11 December 2008

Web spam: How Google and other search engines catch spammers

What is web spam?

Put simply, web spam is content that is designed to trick search engines into directing traffic towards them. The idea is to make money: spammers direct traffic to their pages that are loaded with sponsored links, either through pay-per-click campaigns or through thin affiliates (i.e. sponsors who pay when a transaction is made through a click-through.

Web spam damages the relevance of search results. Search engines have been doing battle with spammers since the internet began and It is well known that Google review search results regularly to identify web spam.

Most SEO activity does involve trying to gain advantage in terms of improving search engine results. Most of these techniques are plain old marketing – i.e. relevance and promotion. However, it is worth knowing what kind of page behavior Google are looking for in order to identify spam.

What are the main types of spam?

Google have identified eight main spam categories based around techniques that are designed to trick the user.

1. Pay per click landing pages

Many pages are set up to collect pay-per-click revenue without providing any content of their own. They may contain fake content that is geared to look like a blog, forum or set of search results, but the key point is that they add nothing new except a bunch of sponsored links.

Spammers use a variety of techniques here to generate content that can fool search engines. Page scraping and wholesale copying from “free to use” sources such as Wikipedia and DMOZ are common techniques, as are sites that exploit RSS feeds. Template-based content is also frowned upon – i.e. pages based on templates that use an information source to automatically generate vast amounts of content that follow a generic format or pattern.

2. “Parked” domains

Domains that fall out of current use are often “parked” on a web page that displays a set of sponsored links or directories. Generic parked domains are generally marked as spam.

3. Thin affiliates

A thin affiliate page exists soley to deliver users to another website with a different owner. Keywords deliver the user to the thin affiliate page which in turn delivers the user to the merchant’s site via links. This is normally a commission-based arrangement where the merchant pays for any sales activity that takes place on their site.

This is not necessarily spam by any means, as price comparison and review sites often use these arrangements. Thin affiliate pages are regarded as spam when they offer no added value content, i.e. just contain a logo and some blurb copied from the merchant site with no other facilities such as reviews, price comparison or the ability to register and login.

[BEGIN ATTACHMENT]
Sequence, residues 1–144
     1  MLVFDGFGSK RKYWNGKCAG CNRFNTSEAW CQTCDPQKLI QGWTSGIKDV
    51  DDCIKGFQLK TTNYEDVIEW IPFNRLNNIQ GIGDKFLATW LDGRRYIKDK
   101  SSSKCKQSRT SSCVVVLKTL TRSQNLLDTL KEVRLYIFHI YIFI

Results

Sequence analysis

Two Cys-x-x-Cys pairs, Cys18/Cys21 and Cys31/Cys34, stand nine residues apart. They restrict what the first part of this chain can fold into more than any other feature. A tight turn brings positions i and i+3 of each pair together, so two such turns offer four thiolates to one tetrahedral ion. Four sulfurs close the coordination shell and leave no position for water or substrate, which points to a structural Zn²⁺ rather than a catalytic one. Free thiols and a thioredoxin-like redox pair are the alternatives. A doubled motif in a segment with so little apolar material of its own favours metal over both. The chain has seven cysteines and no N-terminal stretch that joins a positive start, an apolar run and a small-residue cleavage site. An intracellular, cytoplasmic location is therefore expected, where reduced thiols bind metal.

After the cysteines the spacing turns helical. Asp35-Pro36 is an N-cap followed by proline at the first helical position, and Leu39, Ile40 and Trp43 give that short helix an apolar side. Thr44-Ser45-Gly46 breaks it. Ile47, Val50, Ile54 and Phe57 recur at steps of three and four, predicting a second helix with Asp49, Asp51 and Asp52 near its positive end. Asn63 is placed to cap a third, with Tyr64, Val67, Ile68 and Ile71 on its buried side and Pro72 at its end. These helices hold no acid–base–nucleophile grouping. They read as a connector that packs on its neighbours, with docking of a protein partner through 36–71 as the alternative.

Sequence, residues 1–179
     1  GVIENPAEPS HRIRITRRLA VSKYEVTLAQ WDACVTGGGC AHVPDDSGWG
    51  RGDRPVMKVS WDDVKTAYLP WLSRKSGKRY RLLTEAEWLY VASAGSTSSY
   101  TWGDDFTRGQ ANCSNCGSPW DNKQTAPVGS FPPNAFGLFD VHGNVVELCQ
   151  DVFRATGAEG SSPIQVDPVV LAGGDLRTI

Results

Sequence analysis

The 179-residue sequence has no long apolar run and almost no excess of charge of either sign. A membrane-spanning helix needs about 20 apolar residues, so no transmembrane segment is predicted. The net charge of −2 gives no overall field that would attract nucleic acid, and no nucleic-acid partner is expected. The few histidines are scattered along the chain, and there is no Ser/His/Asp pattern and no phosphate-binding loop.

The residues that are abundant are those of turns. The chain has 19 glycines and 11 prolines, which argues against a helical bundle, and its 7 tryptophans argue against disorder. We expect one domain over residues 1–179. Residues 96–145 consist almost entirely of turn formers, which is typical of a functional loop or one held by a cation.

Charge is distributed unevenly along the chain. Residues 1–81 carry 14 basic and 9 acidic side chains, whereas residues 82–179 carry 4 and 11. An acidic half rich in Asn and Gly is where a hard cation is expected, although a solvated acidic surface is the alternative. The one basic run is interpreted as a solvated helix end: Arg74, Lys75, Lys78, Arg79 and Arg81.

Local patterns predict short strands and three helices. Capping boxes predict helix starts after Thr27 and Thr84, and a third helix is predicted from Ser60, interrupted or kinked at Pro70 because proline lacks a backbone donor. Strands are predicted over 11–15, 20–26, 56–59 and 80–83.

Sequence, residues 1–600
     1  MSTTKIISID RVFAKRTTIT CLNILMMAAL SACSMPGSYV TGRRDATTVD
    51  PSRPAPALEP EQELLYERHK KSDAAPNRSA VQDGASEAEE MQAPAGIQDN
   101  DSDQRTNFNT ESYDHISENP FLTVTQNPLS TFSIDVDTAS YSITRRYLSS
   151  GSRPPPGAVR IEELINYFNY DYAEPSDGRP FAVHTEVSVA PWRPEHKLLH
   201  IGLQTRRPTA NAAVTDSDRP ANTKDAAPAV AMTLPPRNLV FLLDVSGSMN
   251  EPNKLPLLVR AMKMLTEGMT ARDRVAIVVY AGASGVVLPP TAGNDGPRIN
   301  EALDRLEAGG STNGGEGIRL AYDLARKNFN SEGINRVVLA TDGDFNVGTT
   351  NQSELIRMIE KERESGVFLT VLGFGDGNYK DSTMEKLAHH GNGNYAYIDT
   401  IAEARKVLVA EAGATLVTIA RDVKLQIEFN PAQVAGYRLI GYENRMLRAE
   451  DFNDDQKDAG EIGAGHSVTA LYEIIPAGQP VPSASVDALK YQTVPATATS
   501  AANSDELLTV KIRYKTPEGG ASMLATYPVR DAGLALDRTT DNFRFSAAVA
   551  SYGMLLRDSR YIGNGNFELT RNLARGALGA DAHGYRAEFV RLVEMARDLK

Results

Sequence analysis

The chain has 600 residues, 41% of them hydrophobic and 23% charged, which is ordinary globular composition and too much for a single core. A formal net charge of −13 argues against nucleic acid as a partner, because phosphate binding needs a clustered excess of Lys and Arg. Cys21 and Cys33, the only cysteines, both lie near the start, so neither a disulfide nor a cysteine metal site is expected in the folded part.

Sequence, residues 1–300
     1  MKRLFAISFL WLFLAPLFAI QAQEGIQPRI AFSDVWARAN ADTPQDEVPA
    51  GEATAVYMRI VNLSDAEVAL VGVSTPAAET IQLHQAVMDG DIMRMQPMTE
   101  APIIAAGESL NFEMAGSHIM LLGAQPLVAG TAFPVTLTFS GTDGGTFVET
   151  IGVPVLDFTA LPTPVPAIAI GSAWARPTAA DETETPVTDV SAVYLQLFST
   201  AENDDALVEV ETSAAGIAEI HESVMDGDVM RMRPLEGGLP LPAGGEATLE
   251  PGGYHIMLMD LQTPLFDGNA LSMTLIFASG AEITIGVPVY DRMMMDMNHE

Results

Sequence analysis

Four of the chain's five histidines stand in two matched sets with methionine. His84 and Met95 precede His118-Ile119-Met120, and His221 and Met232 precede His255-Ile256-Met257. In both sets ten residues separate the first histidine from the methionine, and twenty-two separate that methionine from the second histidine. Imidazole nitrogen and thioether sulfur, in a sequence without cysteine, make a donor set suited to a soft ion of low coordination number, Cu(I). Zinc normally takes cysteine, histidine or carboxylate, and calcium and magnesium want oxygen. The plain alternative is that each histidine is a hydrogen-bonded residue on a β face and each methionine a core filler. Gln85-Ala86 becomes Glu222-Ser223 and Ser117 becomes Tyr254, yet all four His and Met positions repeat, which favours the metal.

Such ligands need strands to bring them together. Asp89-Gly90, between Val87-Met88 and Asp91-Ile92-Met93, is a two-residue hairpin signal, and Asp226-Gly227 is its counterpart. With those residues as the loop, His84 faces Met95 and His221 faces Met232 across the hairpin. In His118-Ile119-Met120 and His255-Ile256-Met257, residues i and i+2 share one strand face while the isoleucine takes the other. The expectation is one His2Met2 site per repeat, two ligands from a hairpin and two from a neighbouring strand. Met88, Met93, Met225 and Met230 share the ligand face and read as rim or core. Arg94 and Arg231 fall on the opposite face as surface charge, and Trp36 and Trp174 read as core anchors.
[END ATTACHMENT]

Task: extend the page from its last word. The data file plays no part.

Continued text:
4. Hidden text and hidden links

Hidden text is website copy that is visible to search engines but not to users. This includes text that is the same color as the background, text that is in a hidden area of the page and minute text. These techniques have long been considered a no-no by search engines and are always regarded as spam.

5. JavaScript redirects

Search engine spiders do not execute JavaScript, so many spammers have exploited this to display different versions of content to search engines on the one hand and users on the other. The search engine must see the true copy of content, or it’s spam.

6. Keyword stuffing

Exploiting the structure of copy to try and unnaturally raise keyword density was a common trick ten years ago. These days it will be treated as spam. Using excessive keywords, off-topic keywords or stuffing URLs with keywords are all examples that should be avoided.

7. 100% frames

Some web publishers mask their content by using a frames page where only one frame is visible to the user, where the search engine will see both. This is a misleading technique, so is regarded as spam.

8. Sneaky redirects

A sneaky redirect is where a page redirects a user to a different domain – the search engine indexes the first page, but the user only sees the redirected content. This technique often involves rotating domains, so that landing on the first page can give you a different domain every time.

The importance of adding value

The use of most of these techniques is a sure sign of spam, though there are some grey areas particularly with affiliates and landing pages.

Generally, pages are not added as spam unless they add value in some respect. Certain types of page that may appear “spammy” on first glance can be perfectly reasonable if they are offering content in an added value context.

Examples of sites that add value despite their apparent use of spam techniques include:

  • Price comparison and product review sites – these sites are often littered with affiliate links and sponsored content, but are still regarded as adding new information.
  • Amalgamations of recipes, lyrics and quotes.
  • Contact information pages
  • Affiliate pages that provide promotion codes and coupons can be regarded as adding value to the user.

Filed under UI Development.